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Is this cause for concern?
A plantar fibroma is a noncancerous or benign growth in the arch of your foot. It develops in the plantar fascia, which is thick, fibrous tissue at the bottom of your feet. This tissue covers the area from your heel to your toes and stabilizes your foot arch.
This nodule, which grows slowly over time, can develop on one foot or both feet. It’s typically less than an inch in size.
A single lesion is referred to as a plantar fibroma. A condition called plantar fibromatosis can develop if the lesion starts to enlarge and others develop on the plantar aspect, or sole, of your foot. This rare condition is also known as Ledderhose disease.
Although anyone can develop a plantar fibroma, it typically occurs in middle age. Men are also more likely to be affected.
Keep reading to learn more.
A plantar fibroma growth typically appears on the bottom of your foot, namely in the middle of the arch.
In the early stages, these growths cause little discomfort. They often appear as little more than small bumps. You may not notice the nodule unless it begins to grow in size.
You may begin to experience pain or discomfort if the nodule becomes larger or if external pressure is applied to the affected area. This includes friction from wearing shoes, walking for an extended period, and standing barefoot.
Plantar fibromas are benign. On occasion, they will regress on their own. If you’re experiencing discomfort or develop a bump on your foot, see your doctor.
Some researchers also believe there’s a connection between trauma and plantar fibromas. An injury may cause tears in the fascia of the bottom of your feet, promoting the growth of nodules.
Certain medications and supplements may also encourage the growth of excess collagen and fibrous tissue, but this hasn’t been proven. These include:
- certain beta-blockers to treat high blood pressure
- anti-seizure medications
- vitamin C
You may also be more likely to develop plantar fibroma if you have:
- chronic liver disease
- seizure disorders
The connection between these conditions and plantar fibroma is unclear.
Because it isn’t clear what exactly causes plantar fibroma or why, there’s no known way to prevent its occurrence.
If you suspect plantar fibroma, see your doctor. This condition doesn’t heal on its own, and medical intervention may be necessary to relieve any pain caused by the nodule.
At your appointment, your doctor will conduct a physical examination of your foot. This includes pressing the nodule.
Although it’s possible to diagnose a plantar fibroma based on the appearance of the nodule, your doctor may recommend additional testing.
Imaging tests can confirm a plantar fibroma and rule out other conditions, such as cysts, granulomas, and malignancies.
Possible imaging tests include:
Sometimes doctors perform a biopsy of the lesion for further investigation. This involves removing a sample of the tissue and examining the sample under a microscope.
The goal of treatment is to reduce any pain and discomfort and decrease the size of the nodule. Treatment is based on the severity of the nodule, so your individual treatment plan may vary. A typical plan will include one or more of the following:
Transdermal verapamil 15 percent gel inhibits the growth of fibrosis tissue in the laboratory. When used correctly, it’s claimed that this gel can remodel the affected tissue within 6 to 12 months. However, the scientific evidence for this claim is very limited. Any pain or discomfort usually subsides within 3 months of use if this medication is helpful to a particular user.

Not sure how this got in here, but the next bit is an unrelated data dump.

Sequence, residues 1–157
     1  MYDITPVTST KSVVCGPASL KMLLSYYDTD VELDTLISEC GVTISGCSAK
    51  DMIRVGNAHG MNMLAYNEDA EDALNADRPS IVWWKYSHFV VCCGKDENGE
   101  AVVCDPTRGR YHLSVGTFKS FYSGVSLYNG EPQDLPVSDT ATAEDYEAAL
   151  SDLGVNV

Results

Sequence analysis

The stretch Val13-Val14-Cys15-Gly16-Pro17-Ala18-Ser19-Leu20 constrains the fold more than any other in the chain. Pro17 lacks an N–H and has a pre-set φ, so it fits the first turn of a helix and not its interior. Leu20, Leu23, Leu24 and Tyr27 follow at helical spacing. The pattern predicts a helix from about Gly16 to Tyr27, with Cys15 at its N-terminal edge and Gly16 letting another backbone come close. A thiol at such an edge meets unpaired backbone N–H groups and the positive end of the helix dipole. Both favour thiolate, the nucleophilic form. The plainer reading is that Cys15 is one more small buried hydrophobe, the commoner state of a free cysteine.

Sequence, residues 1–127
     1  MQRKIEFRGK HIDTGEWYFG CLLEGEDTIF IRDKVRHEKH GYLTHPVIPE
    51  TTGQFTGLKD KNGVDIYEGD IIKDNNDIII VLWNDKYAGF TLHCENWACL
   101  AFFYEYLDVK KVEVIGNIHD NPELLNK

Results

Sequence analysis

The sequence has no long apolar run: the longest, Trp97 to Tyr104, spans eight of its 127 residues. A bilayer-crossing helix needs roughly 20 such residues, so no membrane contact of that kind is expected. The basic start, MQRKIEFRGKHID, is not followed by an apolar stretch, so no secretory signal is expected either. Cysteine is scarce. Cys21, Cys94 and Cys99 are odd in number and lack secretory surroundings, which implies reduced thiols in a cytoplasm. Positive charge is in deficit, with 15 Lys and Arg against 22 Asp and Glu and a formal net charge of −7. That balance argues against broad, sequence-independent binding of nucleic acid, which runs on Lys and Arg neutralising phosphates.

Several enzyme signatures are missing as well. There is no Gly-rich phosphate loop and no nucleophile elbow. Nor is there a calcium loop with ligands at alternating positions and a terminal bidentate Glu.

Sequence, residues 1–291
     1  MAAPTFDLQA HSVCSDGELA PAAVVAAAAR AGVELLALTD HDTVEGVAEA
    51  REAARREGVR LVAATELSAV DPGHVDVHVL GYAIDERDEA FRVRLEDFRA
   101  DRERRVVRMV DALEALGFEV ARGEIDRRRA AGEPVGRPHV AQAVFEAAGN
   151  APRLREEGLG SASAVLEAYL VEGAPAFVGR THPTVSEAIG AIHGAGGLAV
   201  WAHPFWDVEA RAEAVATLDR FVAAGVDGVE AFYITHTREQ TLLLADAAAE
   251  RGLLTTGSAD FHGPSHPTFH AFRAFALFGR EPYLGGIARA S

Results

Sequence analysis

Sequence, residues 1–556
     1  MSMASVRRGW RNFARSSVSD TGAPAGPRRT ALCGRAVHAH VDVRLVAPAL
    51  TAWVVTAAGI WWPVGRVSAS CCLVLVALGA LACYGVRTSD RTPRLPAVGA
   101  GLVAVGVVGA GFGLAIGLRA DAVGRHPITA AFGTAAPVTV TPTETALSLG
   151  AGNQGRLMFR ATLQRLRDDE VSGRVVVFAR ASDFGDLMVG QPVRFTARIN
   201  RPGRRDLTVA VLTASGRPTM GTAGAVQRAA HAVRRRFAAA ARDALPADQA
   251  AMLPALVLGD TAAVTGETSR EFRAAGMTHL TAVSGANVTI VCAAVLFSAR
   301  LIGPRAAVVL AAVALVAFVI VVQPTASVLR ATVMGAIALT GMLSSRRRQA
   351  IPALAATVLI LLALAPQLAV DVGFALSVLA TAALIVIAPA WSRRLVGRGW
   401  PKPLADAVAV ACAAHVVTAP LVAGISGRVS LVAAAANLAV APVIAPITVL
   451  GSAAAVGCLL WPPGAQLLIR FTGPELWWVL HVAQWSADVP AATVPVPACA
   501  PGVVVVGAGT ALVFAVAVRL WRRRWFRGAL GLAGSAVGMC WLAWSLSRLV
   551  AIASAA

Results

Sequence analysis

The manufacturer of the drug states that skipping or missing doses can slow the rate of recovery, so be sure to follow your doctor’s directions. After the tissue has been remodeled, recurrence is unlikely.
A corticosteroid is an anti-inflammatory medication. Injecting a steroid into the nodule can reduce pain and inflammation. If the inflammation lessens, it may become easier to walk, stand, and wear shoes.
Although steroid injections are effective in relieving any inflammatory process, the nodule may continue to grow.
Orthotics may be beneficial if the growth is small and hasn’t changed in size. This nonsurgical treatment involves the use of gel or foam pads and insoles to redistribute body weight and relieve pain associated with a plantar fibroma. Although their usefulness is questionable, there is no risk to trying them.
As a result, wearing shoes and standing may become more comfortable. If over-the-counter insoles aren’t improving your symptoms, talk to your doctor about custom options. However, the usefulness of custom orthotics has also been questioned.
You can purchase orthotics online.
Physical therapy helps break tissue accumulation in the foot. Your physical therapist will help you develop a routine of strength training and stretching exercises that can help increase blood circulation and stimulate cell growth. Increased circulation can also reduce inflammation and relieve pain caused by a plantar fibroma. There are no published studies that show that physical therapy has a significant beneficial effect in the treatment of plantar fibromas, however.
In severe cases, your doctor may suggest surgical removal of the fibroma. This procedure can flatten your foot arch and increase your risk of hammer toe, so this procedure is only used as a last resort. On average, recovery can take one to two months.
A plantar fibroma affects people differently. Some develop a small growth that doesn’t cause discomfort, whereas others experience persistent pain that doesn’t respond to conventional therapies.
Treatment with steroid injections, physical therapy, gels, orthotics, or surgery may provide short-term or long-term relief. However, growths may recur if you’re predisposed to plantar fibromas.